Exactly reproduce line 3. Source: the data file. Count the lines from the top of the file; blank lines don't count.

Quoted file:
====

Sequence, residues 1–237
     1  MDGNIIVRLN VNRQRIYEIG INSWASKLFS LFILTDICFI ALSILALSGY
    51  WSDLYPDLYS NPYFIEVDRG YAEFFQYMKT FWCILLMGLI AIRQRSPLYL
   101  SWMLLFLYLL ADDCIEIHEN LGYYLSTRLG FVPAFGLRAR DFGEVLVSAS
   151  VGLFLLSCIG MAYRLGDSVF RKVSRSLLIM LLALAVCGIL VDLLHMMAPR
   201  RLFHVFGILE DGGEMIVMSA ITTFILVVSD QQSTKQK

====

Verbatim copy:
    51  WSDLYPDLYS NPYFIEVDRG YAEFFQYMKT FWCILLMGLI AIRQRSPLYL